Hootie captured my current frustrations about time best, I think I’m out of my mind / thinking about time. That reference is apparently about 24 years old… enough time for Hootie to become Darius, cycle through R&B and Country before circling back to the Blowfish he left in the Cracked Rear View so long ago. But that’s not the time I’m talking about today.
No my friends, today it’s all about Time Zones in ServiceNow. Time is one of my least favorite data constructs to work with. Sure, on the surface it seems simple, harmless even. But as some members of my team discovered, there can be a whole lot of pain and sorrow running free when it comes to working with time zones (particularly in Service Portal and Custom UIs).
Who’s Time is it Anyway
The big error many developers make is thinking about time and time zones as relative to our own physical location. This turns out to be a huge oversimplification. In fact, in the simplest case, there are at least 5 potential time zones to consider:
Coordinated Universal Time is the big time standard. ServiceNow stores date and time objects internally in the database in this time zone as the number of ms since 1970-01-01 00:00:00.
System Time Zone
The system time zone is the one ServiceNow stores in the glide.sys.default.tz System Property (System Properties > Basic Configuration). When the API documentation refers to system time zone, this is the one that it means (such as with GlideDateTime’s getValue function). It is also used as a User’s default local time zone.
User’s Profile Time Zone
The user’s profile time zone is referred to as the user’s time zone or local time zone in the API documentation. For disambiguation, I will refer to it as the user’s profile time zone. This is because it is specified on the User’s sys_user record as part of their profile. The value defaults to the system time zone.
This time zone is the one used in all GlideDate and GlideDateTime fields. So when a user updates a date time selection on a form, this is the time zone that ServiceNow assumes.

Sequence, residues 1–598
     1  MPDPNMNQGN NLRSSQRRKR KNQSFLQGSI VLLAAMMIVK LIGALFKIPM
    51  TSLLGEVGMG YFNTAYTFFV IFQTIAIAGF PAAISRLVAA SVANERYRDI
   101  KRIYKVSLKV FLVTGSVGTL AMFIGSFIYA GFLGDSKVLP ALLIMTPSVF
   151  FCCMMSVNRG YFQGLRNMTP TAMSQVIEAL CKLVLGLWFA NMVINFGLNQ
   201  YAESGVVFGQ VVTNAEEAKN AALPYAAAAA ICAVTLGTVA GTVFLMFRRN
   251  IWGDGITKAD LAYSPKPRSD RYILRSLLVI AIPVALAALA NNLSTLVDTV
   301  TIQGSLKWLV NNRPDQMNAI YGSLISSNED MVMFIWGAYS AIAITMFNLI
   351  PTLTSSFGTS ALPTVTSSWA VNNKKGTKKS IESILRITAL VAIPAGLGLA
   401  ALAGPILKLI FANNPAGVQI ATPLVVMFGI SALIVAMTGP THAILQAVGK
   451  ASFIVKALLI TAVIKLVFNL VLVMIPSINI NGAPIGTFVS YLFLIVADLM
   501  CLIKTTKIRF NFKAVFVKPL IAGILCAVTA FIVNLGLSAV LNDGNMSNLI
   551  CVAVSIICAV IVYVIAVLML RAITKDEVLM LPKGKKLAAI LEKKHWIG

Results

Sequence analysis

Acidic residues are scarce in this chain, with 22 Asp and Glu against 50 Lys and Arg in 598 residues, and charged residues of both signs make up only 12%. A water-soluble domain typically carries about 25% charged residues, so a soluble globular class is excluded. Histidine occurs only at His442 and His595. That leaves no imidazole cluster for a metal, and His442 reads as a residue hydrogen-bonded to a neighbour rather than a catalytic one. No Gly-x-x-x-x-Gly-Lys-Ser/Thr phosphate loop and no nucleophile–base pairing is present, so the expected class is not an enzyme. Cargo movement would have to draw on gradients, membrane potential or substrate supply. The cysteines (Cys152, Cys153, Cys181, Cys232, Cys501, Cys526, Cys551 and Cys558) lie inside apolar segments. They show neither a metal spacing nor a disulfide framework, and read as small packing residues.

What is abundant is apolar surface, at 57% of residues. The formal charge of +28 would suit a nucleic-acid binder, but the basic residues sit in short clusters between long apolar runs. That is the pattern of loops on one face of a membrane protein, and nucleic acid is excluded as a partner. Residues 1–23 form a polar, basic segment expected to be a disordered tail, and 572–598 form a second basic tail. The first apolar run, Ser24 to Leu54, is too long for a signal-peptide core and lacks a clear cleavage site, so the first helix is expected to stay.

Browser Time Zone
When using AngularJS or MomentJS style date and time formatting libraries, they know nothing about ServiceNow’s time zone properties. As such, they by default assume the time zone of the computer and browser being used. It’s important to note that this is NOT the same as the user’s profile time or the user’s physical location.
This is the timezone the computer believes itself to be in as displayed on it’s clock.
Users Physical Location
This is the time zone we all assume most of the time, the physical location of the user.
ServiceNow Time Zone Conversions
So why do I highlight each of these distinct time zones? First and foremost, to show that there is a lot of both explicit and implicit time zone converting going on.
For example, take a scenario where you have two users as in the image above. Each user has their own profile, browser, and physical time zones creating assumptions regarding how the system should operate. If User B was traveling to a location in a time zone outside of their profile’s time zone. Depending on their laptop and network connectivity, their browser time zone could be in sync with either the profile time zone, their physical time zone, or potentially neither.
Which time zone is the right one to use? It’s hard to say but I’m going to go with whichever one the users tell you when they kick your story back during acceptance testing!
What’s truly interesting is that it doesn’t even take two users to create confusion. In the scenario my team was troubleshooting, we had the following:
Time Zone Configuration: - System - UTC - User profile - UTC - Browser / Physical - CST
What happened: - User set a record start to 08:00 - User navigated to portal and saw 03:00 - User reported a time zone defect
If you look closely, you’ll notice that CST is UTC -5 and that’s the exact gap between the written time and the read time. You see, our widget used getNumericValue to obtain the UTC value but then processed it through AngularJS’s formatters to render the time in the browser’s time. In this case, the code was correct but the user still had unexpected results. In this case, I’d call the unexpected results a good thing because they highlighted an issue in the underlying system configuration. Oddly, this is something we likely would not have caught it if we had used the user profile time instead of browser time.
Look, time zones can be hard. I remember when posting blog articles on the ServiceNow Community and it would show some wild post times because my profile was wonky. ServiceNow does a lot to simplify working with time zones in their API and following a few simple tips can reduce the number of bugs:
Writing Date Times: - Use the GlideDateTime API - Don’t mix and match value and display value in the same operations. If you getDisplayValue, use setDisplayValue.
Formatting Date Times: - When in doubt use getDisplayValue - When custom formatting, try to leverage a library like MomentJS and use GlideDateTime’s getNumericValue function to provide the library a value it can use
Most of all, keep in mind which time zones are doing the writing, which are doing the reading, and which your user expects to see.
Keep it simple, let ServiceNow do the work, and maybe you can avoid wasting, wasting, wasting time troubleshooting.